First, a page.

Publication Abstract Display
Type: Published Manuscript
Title: Increased accumulation of intraneuronal amyloid beta in HIV-infected patients.
Authors: Achim CL, Adame A, Dumaop W, Everall IP, Masliah E, and the HNRC Group
Year: 2009
Publication: Journal of Neuroimmune Pharmacology : The Official Journal of The Society On NeuroImmune Pharmacology
Volume: 4 Issue: 2 Pages: 190-199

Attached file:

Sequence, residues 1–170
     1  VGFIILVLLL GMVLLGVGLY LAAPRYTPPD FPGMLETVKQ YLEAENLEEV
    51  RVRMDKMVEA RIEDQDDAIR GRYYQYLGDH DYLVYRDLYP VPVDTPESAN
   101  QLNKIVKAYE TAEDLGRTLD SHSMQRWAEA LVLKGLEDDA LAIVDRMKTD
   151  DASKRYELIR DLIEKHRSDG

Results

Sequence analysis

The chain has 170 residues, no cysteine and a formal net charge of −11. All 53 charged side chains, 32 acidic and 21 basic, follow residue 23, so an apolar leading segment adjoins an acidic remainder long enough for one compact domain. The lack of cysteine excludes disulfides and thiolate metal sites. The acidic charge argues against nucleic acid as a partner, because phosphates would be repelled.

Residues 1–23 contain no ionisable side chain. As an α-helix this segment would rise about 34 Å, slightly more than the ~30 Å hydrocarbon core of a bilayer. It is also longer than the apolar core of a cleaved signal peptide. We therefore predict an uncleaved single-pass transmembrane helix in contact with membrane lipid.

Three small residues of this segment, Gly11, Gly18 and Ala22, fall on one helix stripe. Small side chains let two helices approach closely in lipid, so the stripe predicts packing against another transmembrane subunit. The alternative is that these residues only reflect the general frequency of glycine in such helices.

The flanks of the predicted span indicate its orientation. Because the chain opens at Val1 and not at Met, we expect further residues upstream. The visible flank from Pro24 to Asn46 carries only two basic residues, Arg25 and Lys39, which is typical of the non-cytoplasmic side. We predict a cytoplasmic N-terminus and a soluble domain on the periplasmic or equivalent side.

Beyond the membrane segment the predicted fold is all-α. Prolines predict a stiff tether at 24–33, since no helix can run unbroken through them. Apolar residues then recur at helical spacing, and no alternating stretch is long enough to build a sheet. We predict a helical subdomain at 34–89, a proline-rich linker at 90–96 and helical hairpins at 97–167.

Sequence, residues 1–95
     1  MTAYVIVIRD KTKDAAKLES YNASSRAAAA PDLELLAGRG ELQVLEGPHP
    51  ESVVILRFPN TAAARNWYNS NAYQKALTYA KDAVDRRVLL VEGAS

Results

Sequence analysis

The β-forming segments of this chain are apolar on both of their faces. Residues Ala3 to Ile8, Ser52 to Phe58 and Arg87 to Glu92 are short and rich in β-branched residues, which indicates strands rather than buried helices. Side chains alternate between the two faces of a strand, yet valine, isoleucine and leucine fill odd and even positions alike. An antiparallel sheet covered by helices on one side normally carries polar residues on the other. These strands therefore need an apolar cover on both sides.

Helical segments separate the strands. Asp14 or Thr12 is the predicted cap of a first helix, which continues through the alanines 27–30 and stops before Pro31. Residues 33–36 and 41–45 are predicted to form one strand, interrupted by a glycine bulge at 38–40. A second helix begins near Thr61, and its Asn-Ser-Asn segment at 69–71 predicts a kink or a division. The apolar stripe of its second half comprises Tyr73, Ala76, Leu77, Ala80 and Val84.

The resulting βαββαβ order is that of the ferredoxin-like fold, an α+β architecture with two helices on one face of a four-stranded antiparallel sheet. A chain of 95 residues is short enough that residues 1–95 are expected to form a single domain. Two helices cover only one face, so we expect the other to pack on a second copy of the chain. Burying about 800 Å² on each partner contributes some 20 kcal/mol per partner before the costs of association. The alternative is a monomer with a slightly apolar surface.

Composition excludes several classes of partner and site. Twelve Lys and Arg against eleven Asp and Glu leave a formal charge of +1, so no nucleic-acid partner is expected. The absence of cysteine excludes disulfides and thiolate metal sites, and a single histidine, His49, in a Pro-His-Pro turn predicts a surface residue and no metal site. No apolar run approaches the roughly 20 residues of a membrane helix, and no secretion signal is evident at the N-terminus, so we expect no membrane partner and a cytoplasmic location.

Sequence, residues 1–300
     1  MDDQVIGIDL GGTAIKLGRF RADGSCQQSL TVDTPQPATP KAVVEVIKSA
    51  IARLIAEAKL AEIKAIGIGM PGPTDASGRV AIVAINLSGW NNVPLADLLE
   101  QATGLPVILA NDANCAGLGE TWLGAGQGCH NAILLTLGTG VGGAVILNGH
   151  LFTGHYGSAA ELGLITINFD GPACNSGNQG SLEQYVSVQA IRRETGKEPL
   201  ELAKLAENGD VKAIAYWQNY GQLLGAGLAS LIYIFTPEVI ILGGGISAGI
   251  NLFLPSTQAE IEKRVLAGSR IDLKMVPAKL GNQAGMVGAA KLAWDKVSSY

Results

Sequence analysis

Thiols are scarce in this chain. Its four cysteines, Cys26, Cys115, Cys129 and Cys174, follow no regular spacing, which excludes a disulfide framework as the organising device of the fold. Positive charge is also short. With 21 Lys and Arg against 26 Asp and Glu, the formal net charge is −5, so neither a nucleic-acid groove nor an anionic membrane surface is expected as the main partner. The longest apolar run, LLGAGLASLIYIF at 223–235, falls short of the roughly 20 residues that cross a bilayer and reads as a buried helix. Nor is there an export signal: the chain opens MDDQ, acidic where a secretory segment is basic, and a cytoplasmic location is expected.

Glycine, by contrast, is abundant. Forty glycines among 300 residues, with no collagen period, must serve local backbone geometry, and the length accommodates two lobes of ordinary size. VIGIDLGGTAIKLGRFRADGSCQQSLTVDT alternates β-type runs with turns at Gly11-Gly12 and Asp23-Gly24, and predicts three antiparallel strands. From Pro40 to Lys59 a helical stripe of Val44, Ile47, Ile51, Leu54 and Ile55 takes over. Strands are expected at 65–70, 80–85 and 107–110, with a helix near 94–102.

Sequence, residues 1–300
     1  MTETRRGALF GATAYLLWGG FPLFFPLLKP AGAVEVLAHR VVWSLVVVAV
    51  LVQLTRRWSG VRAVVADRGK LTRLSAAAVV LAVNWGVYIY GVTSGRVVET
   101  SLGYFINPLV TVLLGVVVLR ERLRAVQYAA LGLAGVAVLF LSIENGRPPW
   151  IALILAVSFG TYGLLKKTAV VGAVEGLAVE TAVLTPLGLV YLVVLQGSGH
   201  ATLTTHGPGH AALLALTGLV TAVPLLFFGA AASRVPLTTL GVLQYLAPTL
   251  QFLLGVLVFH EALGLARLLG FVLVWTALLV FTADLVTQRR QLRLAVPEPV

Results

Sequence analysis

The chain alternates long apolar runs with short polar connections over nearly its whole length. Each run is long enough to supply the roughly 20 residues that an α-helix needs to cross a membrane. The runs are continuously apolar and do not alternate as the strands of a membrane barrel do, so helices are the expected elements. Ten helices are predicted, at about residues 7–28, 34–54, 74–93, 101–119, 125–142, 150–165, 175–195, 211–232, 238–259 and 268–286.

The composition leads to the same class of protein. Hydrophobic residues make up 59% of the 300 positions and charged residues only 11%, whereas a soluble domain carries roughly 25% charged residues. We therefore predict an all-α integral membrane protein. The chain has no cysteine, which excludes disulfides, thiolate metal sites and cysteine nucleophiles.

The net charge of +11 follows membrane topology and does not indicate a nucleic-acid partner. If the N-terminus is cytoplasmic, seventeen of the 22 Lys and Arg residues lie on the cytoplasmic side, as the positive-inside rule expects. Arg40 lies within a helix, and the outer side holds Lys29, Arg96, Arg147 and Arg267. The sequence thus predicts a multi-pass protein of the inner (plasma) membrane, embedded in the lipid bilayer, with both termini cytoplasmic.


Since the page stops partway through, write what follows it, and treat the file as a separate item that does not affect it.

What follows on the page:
Abstract:In recent years, human immunodeficiency virus (HIV)-infected patients under highly active anti-retroviral therapy (HAART) regimens have shown a markedly improved general clinical status; however, the prevalence of mild cognitive disorders has increased. We propose that increased longevity with HIV-mediated chronic inflammation combined with the secondary effects of HAART may increase the risk of early brain aging as shown by intraneuronal accumulation of abnormal protein aggregates like amyloid beta (Abeta), which might participate in worsening the neurodegenerative process and cognitive impairment in older patients with HIV. For this purpose, levels and distribution of Abeta immunoreactivity were analyzed in the frontal cortex of 43 patients with HIV (ages 38-60) and HIV- age-matched controls. Subcellular localization of the Abeta-immunoreactive material was analyzed by double labeling and confocal microscopy and by immunono-electron microscopy (EM). Compared to HIV- cases, in HIV+ cases, there was abundant intracellular Abeta immunostaining in pyramidal neurons and along axonal tracts. Cases with HIV encephalitis (HIVE) had higher levels of intraneuronal Abeta immunoreactivity compared to HIV+ cases with no HIVE. Moreover, levels of intracellular Abeta correlated with age in the group with HIVE. Double-labeling analysis showed that the Abeta-immunoreactive granules in the neurons co-localized with lysosomal markers such as cathepsin-D and LC3. Ultrastructural analysis by immuno-EM has confirmed that in these cases, intracellular Abeta was often found in structures displaying morphology similar to autophagosomes. These findings suggest that long-term survival with HIV might interfere with clearance of proteins such as Abeta and worsen neuronal damage and cognitive impairment in this population.

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